"Microsoft AutoUpdate settings"
# The output below starts with two line breaks, so omit the newline here
Write-Host -NoNewLine ("-----------------------------")

try {
  $objAutoUpdateSettings = (New-Object -ComObject "Microsoft.Update.AutoUpdate").Settings
  $objSysInfo = New-Object -ComObject "Microsoft.Update.SystemInfo"
  "Reboot required               : " + $objSysInfo.RebootRequired
  # NoAutoReboot can apparently only be set by policy, so report that here.
  # Reference: https://technet.microsoft.com/en-us/library/cc720464%28v=ws.10%29.aspx.
  Write-Host -NoNewLine ("NoAutoRebootWithLoggedOnUsers : ")
  try { 
    # If Get-ItemProperty fails, value is not in registry. Do not fail entire script. 
    # "-ErrorAction Stop" forces it to catch even a non-terminating error.
    $output = Get-ItemProperty -Path HKLM:\Software\Policies\Microsoft\Windows\WindowsUpdate\AU -Name NoAutoRebootWithLoggedOnUsers -ErrorAction Stop
    switch ($output.NoAutoRebootWithLoggedOnUsers)
      0 {"False (set in registry)"}
      1 {"True (set in registry)"}
  catch { 
    "Unknown (local policy registry value not found)" 

  # WSUS server info, if available
  # Reference: https://technet.microsoft.com/en-us/library/dd939844(v=ws.10).aspx
  Write-Host -NoNewLine ("WSUS Server               : ")
  try { 
    # If Get-ItemProperty fails, value is not in registry. Do not fail entire script. 
    # "-ErrorAction Stop" forces it to catch even a non-terminating error.
    $output = Get-ItemProperty -Path HKLM:\Software\Policies\Microsoft\Windows\WindowsUpdate -Name WUServer -ErrorAction Stop
  catch { 
    "WSUS not configured. The machine must be contacting Windows Update directly." 
  Write-Host -NoNewLine ("WSUS Status Server        : ")
  try { 
    $output = Get-ItemProperty -Path HKLM:\Software\Policies\Microsoft\Windows\WindowsUpdate -Name WUStatusServer -ErrorAction Stop
  catch { 
    "WSUS not configured. The machine must be contacting Windows Update directly." 

  # Static info on the meaning of various Settings.
  "1 - Never check for updates"
  "2 - Check for updates but let me choose whether to download and install them"
  "3 - Download updates but let me choose whether to install them"
  "4 - Install updates automatically"
  "0 - Every day"
  "1-7 - Sunday through Saturday"
  "Note:  On Windows 8/8.1/2012/2012R2, ScheduledInstallationDay and"
  "       ScheduledInstallationTime are only reliable if the values" 
  "       are set through Group Policy."

# For Windows 8/8.1/2012/2012R2, show start trigger of the Regular Maintenance task
# Per http://stackoverflow.com/a/26003354/550712 .NET OS Version is inaccurate on an 
# upgraded Windows 8.1 machine, so use Get-CimInstance if available, else fall back to .NET.
# Cast as [Version] to allow accurate comparisons even when Version.Major is two digits (Windows 10).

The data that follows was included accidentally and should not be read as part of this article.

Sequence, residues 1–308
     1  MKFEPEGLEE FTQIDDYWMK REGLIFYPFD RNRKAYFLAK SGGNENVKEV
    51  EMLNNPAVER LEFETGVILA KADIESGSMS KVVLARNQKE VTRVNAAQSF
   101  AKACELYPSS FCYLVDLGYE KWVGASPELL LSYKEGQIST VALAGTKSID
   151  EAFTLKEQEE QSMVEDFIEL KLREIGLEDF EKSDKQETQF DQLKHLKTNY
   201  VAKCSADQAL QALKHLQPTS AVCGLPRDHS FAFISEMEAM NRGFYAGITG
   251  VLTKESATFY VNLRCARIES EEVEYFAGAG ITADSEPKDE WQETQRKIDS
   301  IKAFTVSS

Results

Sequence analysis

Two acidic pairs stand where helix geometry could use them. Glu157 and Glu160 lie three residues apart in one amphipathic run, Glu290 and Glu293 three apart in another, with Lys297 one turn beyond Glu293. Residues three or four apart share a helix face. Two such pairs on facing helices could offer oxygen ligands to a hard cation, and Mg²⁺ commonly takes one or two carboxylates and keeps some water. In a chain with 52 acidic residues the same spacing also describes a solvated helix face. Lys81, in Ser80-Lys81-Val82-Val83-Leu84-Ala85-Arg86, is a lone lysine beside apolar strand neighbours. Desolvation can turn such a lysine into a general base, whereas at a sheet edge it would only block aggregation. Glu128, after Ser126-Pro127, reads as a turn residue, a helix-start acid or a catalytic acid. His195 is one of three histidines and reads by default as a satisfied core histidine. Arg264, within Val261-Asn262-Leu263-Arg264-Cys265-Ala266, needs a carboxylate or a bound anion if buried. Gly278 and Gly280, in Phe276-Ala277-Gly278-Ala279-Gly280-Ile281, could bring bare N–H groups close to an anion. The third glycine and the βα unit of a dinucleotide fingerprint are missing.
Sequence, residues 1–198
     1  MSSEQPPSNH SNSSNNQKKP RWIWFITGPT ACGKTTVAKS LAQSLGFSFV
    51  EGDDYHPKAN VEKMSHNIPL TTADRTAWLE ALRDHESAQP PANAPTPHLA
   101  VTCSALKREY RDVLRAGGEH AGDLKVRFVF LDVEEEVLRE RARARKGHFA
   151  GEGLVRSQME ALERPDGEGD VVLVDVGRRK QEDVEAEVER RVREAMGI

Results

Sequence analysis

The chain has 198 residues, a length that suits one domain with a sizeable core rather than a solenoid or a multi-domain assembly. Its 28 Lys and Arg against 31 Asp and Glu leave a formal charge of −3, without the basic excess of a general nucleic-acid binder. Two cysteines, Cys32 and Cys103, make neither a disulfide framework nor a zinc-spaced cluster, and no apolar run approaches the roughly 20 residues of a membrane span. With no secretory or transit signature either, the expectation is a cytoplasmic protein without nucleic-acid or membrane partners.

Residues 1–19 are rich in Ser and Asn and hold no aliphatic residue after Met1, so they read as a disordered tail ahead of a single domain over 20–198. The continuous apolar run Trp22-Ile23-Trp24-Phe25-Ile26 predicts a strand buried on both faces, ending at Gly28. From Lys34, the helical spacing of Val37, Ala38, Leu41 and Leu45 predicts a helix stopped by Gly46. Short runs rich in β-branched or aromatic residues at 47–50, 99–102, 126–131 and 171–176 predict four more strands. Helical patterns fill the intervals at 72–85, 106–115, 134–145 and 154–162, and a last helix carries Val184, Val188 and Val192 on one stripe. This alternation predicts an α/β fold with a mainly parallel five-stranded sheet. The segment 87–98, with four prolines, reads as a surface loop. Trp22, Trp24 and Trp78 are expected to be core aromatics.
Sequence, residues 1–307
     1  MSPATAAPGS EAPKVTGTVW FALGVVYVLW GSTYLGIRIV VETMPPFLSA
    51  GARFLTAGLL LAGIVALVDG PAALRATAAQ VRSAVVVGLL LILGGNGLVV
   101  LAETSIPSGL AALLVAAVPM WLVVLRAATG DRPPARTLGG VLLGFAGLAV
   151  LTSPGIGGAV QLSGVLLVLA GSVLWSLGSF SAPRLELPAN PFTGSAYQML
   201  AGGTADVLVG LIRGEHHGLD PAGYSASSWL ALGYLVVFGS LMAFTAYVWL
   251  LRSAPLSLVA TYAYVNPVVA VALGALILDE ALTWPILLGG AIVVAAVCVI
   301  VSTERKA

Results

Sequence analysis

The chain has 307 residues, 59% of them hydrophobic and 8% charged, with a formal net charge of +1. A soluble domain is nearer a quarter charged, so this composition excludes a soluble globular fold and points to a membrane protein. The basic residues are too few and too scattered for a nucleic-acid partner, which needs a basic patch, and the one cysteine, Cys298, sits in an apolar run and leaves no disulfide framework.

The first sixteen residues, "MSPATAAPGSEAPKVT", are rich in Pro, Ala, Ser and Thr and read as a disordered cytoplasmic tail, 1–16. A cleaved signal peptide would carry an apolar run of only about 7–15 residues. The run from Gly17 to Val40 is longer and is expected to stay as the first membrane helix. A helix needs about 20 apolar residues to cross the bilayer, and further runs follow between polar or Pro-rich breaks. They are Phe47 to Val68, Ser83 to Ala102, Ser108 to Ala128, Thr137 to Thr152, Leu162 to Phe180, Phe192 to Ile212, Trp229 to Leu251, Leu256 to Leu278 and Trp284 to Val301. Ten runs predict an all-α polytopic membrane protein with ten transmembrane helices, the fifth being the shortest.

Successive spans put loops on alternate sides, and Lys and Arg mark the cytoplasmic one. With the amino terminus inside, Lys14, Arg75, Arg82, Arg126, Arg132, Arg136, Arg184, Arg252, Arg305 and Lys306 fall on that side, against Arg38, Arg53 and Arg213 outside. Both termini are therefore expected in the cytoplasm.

[Version]$OSVersion = $null
try {
  $OSVersion = (Get-CimInstance Win32_OperatingSystem).Version
catch {
  # Get-CimInstance requires PowerShell 3. Fall back to .NET if Get-CimInstance doesn't work.
  $OSVersion = [System.Environment]::OSVersion.Version

# List of Windows versions:  http://www.robvanderwoude.com/ver.php
if ( ($OSVersion -ge [Version]"6.2.9200") -and ($OSVersion -le [Version]"6.3.9600") ) {
  "Windows 8 / 8.1 / 2012 / 2012R2 scheduled maintenance"
  try {
    """\Microsoft\Windows\TaskScheduler\Regular Maintenance"" task trigger:"
    $task = Get-ScheduledTask –TaskName "Regular Maintenance" -TaskPath "\Microsoft\Windows\TaskScheduler\" -ErrorAction Stop
  catch { 
    "Error:  Could not retrieve \Microsoft\Windows\TaskScheduler\Regular Maintenance task"

# To change, use 
# $TaskTime = New-ScheduledTaskTrigger -At 12:00 -Daily  
# Set-ScheduledTask –TaskName "Regular Maintenance" -TaskPath "\Microsoft\Windows\TaskScheduler\" –Trigger $TaskTime -ErrorAction Stop

"Pending Software Updates including Hidden Updates"
  if ($ShowPendingUpdates) {
    #Get All Assigned updates in $SearchResult.
    $UpdateSession = New-Object -ComObject Microsoft.Update.Session
    $UpdateSearcher = $UpdateSession.CreateUpdateSearcher()
    # Available search criteria:  https://msdn.microsoft.com/en-us/library/windows/desktop/aa386526%28v=vs.85%29.aspx
    # "BrowseOnly=0" omits updates that are considered "Optional" (e.g. Silverlight, hardware drivers).
    # As of 4/8/2015, omit "BrowseOnly=0" so we'll see all available updates.
    # Include "IsAssigned=1" to only see updates intended for deployment by Automatic Updates:
    #   $SearchResult = $UpdateSearcher.Search("IsAssigned=1 and IsHidden=0 and IsInstalled=0")
    # Omit "IsAssigned=1" to also see Recommended updates:
    $SearchResult = $UpdateSearcher.Search("IsInstalled=0")

    #Extract Results for type of updates that are needed.  For to be arrays so we can .count them.
    [Object[]] $Critical = $SearchResult.updates | where { $_.MsrcSeverity -eq "Critical" }
    [Object[]] $Important = $SearchResult.updates | where { $_.MsrcSeverity -eq "Important" }
    [Object[]] $Moderate = $SearchResult.updates | where { $_.MsrcSeverity -eq "Moderate" }